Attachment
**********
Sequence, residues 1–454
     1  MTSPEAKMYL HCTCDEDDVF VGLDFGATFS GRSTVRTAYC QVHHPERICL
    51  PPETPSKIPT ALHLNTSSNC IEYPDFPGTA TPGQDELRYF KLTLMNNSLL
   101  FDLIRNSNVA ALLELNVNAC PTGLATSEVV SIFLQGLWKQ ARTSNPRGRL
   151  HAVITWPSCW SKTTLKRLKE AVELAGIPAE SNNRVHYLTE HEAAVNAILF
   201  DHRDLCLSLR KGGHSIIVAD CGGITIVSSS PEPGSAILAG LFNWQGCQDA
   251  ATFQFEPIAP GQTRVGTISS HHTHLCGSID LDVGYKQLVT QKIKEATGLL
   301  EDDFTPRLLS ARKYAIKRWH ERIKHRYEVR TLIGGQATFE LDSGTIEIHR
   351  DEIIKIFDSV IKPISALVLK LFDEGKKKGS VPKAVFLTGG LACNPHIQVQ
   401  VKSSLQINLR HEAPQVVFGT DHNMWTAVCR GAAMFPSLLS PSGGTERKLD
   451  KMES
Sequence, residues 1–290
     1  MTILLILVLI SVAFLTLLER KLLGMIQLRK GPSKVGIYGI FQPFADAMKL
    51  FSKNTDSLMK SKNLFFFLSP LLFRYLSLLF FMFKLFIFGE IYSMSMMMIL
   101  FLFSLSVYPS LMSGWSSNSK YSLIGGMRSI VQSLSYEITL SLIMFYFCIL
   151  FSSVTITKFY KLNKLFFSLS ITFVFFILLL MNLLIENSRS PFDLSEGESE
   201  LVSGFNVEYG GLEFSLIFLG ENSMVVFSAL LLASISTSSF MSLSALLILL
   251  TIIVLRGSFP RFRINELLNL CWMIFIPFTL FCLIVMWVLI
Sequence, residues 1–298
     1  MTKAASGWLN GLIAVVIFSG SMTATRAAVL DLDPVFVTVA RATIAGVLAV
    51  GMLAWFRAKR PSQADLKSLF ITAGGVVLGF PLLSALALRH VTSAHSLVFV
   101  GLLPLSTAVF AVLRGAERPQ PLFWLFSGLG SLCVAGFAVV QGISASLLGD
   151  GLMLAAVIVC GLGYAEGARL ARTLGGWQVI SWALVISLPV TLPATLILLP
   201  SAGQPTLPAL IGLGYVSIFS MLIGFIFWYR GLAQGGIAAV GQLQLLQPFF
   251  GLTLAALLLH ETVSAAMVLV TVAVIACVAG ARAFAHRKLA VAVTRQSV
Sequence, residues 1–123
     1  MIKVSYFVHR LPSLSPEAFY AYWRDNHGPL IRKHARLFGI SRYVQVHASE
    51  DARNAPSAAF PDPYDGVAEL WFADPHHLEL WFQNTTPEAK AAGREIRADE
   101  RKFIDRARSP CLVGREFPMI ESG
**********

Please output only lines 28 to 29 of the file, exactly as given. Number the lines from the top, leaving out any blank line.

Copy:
    51  DARNAPSAAF PDPYDGVAEL WFADPHHLEL WFQNTTPEAK AAGREIRADE
   101  RKFIDRARSP CLVGREFPMI ESG